What is the Composition of Platelet-Rich Plasma (PRP)?
PRP is a biologic isolated from whole blood that is preferentially enriched for platelets. While platelets are the primary component of PRP, preparations may also contain other cellular components such as white blood cells (WBCs) and peripheral stem cells. These components all play a biological role in the healing process and are provided at concentrated levels in PRP. Thus, PRP may help optimize the conditions for healing of bone and soft tissue.
Platelets play a critical role in several aspects of the healing process. Activated platelets release adhesion molecules that support clot formation for hemostasis. They also release several antimicrobial peptides that deliver infection control properties. Most importantly, as it relates to healing, platelets also release numerous growth factors, including PDGF, TGF-β, VEGF, and SDF-1α30,33 that have been shown to orchestrate the key biological processes, including angiogenesis, inflammation resolution and tissue regeneration.
WBCs (or leukocytes) play a key role in protecting the body from infection and coordinating the inflammatory response. The three primary classes of cells found in the WBC population each provide unique biological functionalities:
GRANULOCYTES (OR NEUTROPHILS)
- The “immediate response” cells for prevention of infection
- Key mediators of inflammatory response through phagocytosis and release of reactive oxygen species (ROS)
- T-lymphocytes help regulate the function of other immune cells and directly attack various infected cells and tumors
- B-lymphocytes make antibodies, which are proteins that target unwanted bacteria, viruses and other foreign materials
- Assist in pathogen recognition
- Eventually become macrophages, which engulf and destroy pathogens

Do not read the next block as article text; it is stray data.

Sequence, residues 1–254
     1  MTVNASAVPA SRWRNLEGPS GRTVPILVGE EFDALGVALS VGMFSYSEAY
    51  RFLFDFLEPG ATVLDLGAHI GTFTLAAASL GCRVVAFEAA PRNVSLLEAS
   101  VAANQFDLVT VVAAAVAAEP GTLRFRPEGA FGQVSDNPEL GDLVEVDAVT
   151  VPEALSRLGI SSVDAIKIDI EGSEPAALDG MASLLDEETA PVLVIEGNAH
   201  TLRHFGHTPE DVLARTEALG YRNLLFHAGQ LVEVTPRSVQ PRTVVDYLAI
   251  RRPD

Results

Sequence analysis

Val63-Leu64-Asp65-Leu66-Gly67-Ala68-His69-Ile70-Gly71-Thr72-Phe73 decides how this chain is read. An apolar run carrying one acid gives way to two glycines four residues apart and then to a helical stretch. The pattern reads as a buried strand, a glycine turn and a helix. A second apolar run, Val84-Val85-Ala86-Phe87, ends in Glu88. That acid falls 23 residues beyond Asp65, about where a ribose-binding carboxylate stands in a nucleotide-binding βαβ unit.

The illustration below shows how WBCs travel through the body to address inflammatory conditions.
NONSPECIFIC INFLAMMATORY RESPONSE
Stem cells are at the core of the tissue regeneration process. They are required to rebuild and repair damaged tissue at an injury site.6 Platelets release several growth factors, such as SDF-1α, that function to induce migration of stem cells to the damaged tissue during the healing process. PRP provides these growth factors in high concentrations. In addition, some PRP preparations also contain stem cells isolated directly from the blood sample during processing, which can directly support tissue regeneration.
The concept behind the clinical use of PRP is to harness the natural biological components of a patient’s blood―primarily platelets―which may help optimize the conditions for healing, improve inflammatory response, control infection and promote angiogenesis.13,17,18
Compared with other biologics, such as concentrated BMA and adipose tissue, PRP possesses higher concentrations of platelets. Platelets facilitate healing through release of many growth factors actively involved in this process. Thus, PRP offers the physician an alternative to widespread treatments, such as steroid injections. Such treatments provide short-term relief by masking symptoms such as pain and inflammation that are the result of an injury, rather than actually addressing the cause of the injury directly through repair of damaged tissue.42,43
This chart compares the impact of PRP versus corticosteroid treatment on the pain levels of patients post-procedure. Although results may vary, the benefit of corticosteroid treatment was lost over time, while PRP generated continued improvement even two years after the procedure.42